Jands Celebrates 40 Years

Possibly the easiest way to remember “milestones” is to remember some of the people and the way they perhaps influenced the direction of the company.

Not the people that still work here, they still have an influence, but the ones that none of the newbie’s have never heard of.

Story by Robert Young - Jands Executive Director

After 40 years I was asked to write an article detailing the history of Jands. Hey, I am 60 years old, I struggle to remember to bring my lunch to work let alone remember what happened in 1970!

Phil Storey – The “S” in Jands


I sat beside him on my very first day at high school. Let’s see, that’s 48 years ago, he was a crazy guy then and nothing has changed till today. Always ahead of the pack, drove the teachers mad, convinced the headmaster he should take over the PA system and convert it to a radio station and the dimmer loft to a disco (see photo). He gave me my first job at Jands, developed all the early power amps and left the company in the mid 70’s.

Bruce Jackson – The “J” in Jands

Strand-123-FresnelHe was a year ahead of Storey and myself at school so clearly didn’t talk to us for the first years. Brain bigger than the universe but probably had on his report card “needs to try harder” by the teachers he monstered. He was the very early influencer at Jands, meeting guys like LSD Fogg who were returning from overseas with new ideas about lightshows. He showed us really cool things like strobes, colour organs, mirror balls and the like. This became the foundation of the hire company as, to add to these effects, Jands needed to add some basic lighting.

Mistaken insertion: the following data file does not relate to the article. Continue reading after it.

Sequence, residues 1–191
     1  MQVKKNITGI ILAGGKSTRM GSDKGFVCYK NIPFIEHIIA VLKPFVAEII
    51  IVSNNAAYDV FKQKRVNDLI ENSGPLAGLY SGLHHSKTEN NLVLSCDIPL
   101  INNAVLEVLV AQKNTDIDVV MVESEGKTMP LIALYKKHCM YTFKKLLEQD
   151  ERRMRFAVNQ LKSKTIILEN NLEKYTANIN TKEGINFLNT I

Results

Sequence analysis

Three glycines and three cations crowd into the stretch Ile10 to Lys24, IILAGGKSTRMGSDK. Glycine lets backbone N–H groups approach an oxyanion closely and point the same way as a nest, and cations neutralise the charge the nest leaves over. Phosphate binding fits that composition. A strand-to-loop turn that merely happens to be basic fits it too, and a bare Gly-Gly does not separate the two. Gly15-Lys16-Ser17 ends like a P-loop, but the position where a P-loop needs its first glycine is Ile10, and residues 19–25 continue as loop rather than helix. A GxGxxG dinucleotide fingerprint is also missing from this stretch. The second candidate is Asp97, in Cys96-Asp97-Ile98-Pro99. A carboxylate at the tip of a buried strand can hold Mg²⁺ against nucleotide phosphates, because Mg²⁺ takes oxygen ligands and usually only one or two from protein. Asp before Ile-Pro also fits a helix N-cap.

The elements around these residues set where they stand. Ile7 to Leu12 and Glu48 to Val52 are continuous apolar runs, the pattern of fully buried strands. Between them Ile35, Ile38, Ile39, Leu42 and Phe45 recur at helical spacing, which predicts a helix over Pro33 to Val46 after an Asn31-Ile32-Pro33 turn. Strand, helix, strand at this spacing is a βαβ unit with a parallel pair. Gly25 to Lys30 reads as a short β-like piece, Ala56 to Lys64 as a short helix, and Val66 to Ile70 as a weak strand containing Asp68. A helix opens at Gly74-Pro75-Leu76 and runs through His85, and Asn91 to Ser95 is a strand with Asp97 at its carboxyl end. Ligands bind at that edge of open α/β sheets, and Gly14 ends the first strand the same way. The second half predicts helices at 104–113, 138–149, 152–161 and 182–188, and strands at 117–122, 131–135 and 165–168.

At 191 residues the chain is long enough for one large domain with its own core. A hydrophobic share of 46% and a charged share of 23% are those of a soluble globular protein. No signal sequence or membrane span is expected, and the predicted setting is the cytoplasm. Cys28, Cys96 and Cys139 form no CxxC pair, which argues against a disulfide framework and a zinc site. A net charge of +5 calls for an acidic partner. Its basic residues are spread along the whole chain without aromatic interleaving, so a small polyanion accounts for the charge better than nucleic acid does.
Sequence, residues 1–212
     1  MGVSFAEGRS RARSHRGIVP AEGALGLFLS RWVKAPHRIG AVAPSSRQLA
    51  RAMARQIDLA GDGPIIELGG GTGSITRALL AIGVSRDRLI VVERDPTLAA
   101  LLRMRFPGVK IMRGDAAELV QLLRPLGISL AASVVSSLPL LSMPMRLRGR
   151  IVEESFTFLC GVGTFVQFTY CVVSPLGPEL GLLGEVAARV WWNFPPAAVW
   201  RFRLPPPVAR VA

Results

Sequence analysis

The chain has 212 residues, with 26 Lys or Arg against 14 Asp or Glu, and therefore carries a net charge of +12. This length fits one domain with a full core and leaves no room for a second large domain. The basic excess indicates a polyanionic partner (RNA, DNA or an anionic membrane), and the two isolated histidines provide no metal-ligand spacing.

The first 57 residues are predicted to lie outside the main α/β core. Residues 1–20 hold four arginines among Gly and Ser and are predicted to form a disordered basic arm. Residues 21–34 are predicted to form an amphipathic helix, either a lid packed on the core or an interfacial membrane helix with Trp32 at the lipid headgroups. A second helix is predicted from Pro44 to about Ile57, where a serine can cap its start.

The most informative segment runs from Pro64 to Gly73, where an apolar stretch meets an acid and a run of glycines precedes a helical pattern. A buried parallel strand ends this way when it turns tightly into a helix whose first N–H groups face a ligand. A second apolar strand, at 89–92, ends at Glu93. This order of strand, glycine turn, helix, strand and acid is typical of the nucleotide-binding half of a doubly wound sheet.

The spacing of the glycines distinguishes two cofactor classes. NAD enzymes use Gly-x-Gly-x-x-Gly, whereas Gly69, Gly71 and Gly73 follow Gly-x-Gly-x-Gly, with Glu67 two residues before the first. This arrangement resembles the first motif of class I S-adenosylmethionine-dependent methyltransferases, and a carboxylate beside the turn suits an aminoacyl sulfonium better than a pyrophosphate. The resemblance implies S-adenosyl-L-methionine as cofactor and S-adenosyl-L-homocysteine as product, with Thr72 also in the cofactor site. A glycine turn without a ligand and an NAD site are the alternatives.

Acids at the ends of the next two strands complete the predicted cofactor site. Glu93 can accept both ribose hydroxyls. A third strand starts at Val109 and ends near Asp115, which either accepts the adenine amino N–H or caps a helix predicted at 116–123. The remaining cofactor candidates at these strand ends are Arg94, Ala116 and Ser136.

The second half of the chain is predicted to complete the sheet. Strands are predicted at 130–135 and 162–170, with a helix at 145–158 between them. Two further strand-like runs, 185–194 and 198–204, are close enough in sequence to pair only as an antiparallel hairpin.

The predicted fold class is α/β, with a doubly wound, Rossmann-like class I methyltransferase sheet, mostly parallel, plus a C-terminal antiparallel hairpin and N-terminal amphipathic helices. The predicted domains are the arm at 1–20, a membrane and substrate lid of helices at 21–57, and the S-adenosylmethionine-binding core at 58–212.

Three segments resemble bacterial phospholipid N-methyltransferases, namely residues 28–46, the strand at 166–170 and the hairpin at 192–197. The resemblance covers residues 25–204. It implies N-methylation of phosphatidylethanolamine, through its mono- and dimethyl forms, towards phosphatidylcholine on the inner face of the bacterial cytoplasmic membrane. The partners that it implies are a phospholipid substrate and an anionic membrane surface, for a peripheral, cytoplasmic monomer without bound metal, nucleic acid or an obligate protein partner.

As you can only do so much with coloured par 38’s he discovered “Strand” who had these really “hi-tech” lighting fixtures called Pattern 23’s and Fresnel 123’s. It was this association that lead to Jands becoming a manufacturer, as he convinced Strand that we could make their 2K dimmer modules for Miniset 2K Racks. Jands made them for years with some very sophisticated equipment including a Sunbeam frypan (the wave  solder machine). Jackson left the company having met the Clair Bros when Blood Sweat & Tears, Johnny Cash etc started to tour Australia with “Big Black Boxes”. Jackson ,myself and a guy called Gil McPherson copied the big black boxes Later known by everybody as W Cabinets.

Gil McPherson